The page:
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  September 4, 2001

Research Project Explores
Best Treatment for Marijuana Users

The results are partially in: treatment for chronic, heavy users of marijuana is effective. In fact, the longer the treatment - up to nine weeks - the more effective it is.

Now the question to be answered is: What will be more helpful to heavy users who want to become abstinent - focusing treatment on their life problems, on their motivation, or on their lack of coping skills?

Scientists at the Health Center are addressing these questions in a research program titled Marijuana Treatment Project-2. The project, funded by the National Institute of Drug Abuse, builds upon what was learned from the original Marijuana Treatment Project, a three-year, $1.5 million study of the most effective treatments for adults who are dependent on cannabis.

Ronald Kadden, a psychologist and professor of psychiatry at the Health Center is the study's principal investigator.

"The focus of the new five-year study is to look at methods to induce abstinence in chronic cannabis abusers," says Kadden. "These methods include a variety of interventions - counseling, monitoring, and even incentives - and weekly visits to the Health Center."

Chronic pot smokers are those smoking several joints almost every day, and getting high for at least several hours each time they use. The average participant in the first marijuana treatment project smoked three joints each day and was high for about six hours per day.

Chronic pot abusers range across the social spectrum, Kadden says. Participants have included businessmen, lawyers and teachers, executives and white collars of all sorts, tradesmen and blue collar men and women, and people who are unemployed.

"Chronic marijuana smokers - who are dependent on pot - are higher functioning on average than alcoholics or drug addicts," says Kadden. "They're not functioning as well as they could be in their jobs, and they're surely not living up to their potential, but they are less likely to be unemployed or impoverished than many heroin addicts or acute alcoholics."

Things aren't going as well as they might for the chronic pot user, and in many cases that's because they're high when they should be sober and paying attention to living, says Elise Kabela, a Health Center researcher and Marijuana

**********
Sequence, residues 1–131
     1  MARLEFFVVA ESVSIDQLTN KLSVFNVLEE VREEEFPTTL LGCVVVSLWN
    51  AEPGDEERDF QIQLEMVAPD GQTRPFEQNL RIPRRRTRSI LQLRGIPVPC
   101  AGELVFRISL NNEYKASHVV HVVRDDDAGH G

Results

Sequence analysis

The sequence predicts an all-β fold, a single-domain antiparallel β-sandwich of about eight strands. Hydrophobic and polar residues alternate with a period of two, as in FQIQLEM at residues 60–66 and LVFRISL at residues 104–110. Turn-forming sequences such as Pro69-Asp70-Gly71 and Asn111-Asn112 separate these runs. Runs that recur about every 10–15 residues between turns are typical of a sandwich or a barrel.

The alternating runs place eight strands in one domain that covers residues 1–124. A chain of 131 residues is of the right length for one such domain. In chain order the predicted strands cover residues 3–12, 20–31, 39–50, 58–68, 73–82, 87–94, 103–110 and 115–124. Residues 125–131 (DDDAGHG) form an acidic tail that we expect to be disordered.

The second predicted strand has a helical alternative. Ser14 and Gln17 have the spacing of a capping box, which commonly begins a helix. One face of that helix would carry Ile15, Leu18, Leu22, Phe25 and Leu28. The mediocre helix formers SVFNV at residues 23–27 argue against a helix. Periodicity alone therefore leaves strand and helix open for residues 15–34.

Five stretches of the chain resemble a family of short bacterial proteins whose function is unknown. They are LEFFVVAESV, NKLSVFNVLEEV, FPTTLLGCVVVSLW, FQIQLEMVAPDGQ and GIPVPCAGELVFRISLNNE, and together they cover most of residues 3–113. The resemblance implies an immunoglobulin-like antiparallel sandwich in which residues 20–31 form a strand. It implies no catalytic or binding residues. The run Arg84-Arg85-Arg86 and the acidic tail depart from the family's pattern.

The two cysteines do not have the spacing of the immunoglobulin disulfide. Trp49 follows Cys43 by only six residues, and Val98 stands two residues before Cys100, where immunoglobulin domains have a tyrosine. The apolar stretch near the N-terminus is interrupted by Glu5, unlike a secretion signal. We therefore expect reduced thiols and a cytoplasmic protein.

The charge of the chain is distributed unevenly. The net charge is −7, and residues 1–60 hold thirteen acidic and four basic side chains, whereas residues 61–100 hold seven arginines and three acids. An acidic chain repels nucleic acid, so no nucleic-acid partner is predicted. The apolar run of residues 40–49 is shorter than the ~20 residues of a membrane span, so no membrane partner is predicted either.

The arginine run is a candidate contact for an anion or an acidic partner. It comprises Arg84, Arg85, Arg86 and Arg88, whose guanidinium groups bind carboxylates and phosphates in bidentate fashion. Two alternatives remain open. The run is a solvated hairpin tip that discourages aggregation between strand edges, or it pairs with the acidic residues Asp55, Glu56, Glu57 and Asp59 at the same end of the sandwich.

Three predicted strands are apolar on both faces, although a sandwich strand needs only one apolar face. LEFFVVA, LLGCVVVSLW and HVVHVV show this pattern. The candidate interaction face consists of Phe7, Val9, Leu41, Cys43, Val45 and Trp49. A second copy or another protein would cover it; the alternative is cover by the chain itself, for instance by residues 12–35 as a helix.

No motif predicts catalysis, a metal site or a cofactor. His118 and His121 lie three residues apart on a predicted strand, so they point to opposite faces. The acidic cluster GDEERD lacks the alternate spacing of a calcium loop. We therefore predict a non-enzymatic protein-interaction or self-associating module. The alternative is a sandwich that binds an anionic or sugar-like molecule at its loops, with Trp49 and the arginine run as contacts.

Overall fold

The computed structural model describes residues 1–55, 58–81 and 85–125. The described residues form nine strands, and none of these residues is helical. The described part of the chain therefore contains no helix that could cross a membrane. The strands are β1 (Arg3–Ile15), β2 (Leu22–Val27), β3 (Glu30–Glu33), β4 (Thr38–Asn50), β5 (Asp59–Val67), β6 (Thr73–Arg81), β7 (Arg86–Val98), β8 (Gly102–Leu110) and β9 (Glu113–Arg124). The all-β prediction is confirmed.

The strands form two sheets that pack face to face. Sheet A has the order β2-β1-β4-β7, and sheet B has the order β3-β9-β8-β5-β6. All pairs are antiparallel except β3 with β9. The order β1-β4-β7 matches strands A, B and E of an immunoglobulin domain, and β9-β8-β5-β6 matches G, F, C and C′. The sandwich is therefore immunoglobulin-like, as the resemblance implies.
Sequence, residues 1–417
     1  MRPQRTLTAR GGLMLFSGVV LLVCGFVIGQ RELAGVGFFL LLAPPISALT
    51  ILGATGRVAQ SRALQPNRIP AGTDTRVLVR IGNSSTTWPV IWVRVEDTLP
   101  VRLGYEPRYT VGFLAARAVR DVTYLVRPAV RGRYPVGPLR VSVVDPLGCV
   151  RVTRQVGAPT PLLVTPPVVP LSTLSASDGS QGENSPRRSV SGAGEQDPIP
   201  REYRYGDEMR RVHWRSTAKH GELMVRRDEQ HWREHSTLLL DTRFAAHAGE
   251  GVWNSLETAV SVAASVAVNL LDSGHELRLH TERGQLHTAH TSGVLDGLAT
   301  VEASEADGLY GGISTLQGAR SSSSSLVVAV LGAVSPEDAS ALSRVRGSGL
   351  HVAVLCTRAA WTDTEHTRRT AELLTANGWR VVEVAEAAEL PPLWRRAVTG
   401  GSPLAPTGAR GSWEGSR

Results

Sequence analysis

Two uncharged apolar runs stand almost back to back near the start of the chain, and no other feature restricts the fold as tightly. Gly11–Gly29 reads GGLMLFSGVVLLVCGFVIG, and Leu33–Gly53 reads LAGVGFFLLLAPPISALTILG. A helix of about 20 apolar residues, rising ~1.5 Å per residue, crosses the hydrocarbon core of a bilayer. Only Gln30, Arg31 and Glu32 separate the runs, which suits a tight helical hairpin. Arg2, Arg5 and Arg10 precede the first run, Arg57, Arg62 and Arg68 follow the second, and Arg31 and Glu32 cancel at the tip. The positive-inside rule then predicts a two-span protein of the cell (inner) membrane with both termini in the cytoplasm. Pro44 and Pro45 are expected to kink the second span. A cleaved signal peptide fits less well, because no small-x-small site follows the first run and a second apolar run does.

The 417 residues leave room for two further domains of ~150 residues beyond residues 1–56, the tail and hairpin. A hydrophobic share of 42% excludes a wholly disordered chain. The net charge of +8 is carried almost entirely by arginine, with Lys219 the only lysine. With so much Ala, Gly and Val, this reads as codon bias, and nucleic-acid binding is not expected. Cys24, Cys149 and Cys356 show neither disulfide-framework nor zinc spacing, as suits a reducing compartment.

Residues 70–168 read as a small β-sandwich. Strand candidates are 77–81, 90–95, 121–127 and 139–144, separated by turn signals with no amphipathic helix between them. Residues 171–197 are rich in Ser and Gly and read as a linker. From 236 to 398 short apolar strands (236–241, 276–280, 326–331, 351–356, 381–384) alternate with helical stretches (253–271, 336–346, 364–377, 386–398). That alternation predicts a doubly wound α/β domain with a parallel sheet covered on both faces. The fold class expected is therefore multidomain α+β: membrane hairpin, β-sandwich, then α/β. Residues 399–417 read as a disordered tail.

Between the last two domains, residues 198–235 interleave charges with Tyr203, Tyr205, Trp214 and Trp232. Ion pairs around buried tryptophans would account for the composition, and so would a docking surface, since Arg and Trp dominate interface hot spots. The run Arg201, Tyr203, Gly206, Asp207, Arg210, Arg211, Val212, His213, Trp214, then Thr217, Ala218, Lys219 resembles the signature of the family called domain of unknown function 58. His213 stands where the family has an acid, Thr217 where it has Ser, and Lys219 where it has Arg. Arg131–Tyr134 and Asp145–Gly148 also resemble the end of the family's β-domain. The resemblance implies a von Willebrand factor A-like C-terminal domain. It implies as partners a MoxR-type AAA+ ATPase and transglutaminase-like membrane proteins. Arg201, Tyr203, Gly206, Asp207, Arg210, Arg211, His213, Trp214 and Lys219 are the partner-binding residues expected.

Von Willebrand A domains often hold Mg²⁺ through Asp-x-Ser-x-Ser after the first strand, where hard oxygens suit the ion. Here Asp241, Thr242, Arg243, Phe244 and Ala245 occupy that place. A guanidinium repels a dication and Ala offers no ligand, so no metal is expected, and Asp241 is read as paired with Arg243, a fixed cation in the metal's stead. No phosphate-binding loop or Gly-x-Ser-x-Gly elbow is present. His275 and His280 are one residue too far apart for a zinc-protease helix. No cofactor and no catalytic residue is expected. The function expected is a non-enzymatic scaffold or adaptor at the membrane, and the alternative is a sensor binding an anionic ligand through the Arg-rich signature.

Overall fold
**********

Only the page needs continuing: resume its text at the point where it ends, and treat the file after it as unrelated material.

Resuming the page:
Treatment Project-2 investigator. They often have relationship problems, Kabela says, as

well as low energy, and they are given to


"They do less of the things they would have done if they weren't high on pot," she says.

Chronic pot smokers fall into limbo when it comes to quitting smoking. There are a variety of reasons. One of the most important reasons springs from their belief that there is no such thing as cannabis dependence, a belief that is contradicted by facts and by medical science. Yet the myth persists.

Pot is addictive; the proof of that is seen in the signs of dependence among heavy users that mirror the classic withdrawal symptoms of alcohol or drug addiction. These include anxiety, irritability, restlessness, nausea and more.

Treatment for marijuana dependence differs from other addictive treatment because there are no medications involved. Motivation to quit smoking is paramount; treatment consists of counseling, support and providing information about both the problem and the recovery process. Part of the treatment is addressing and soothing the very real anxieties the chronic user is apt to feel and display.

"By the time they come to us, using marijuana is deeply entrenched in their lives," Kadden says. "They use it to deal with stressful situations, at work and at home and they realize it has become an impediment to the full enjoyment of life. In many cases, they are using it just to feel normal. They are ready to become abstinent from pot," he says. "We help them move from the theoretical to the practical."

Pat Keefe

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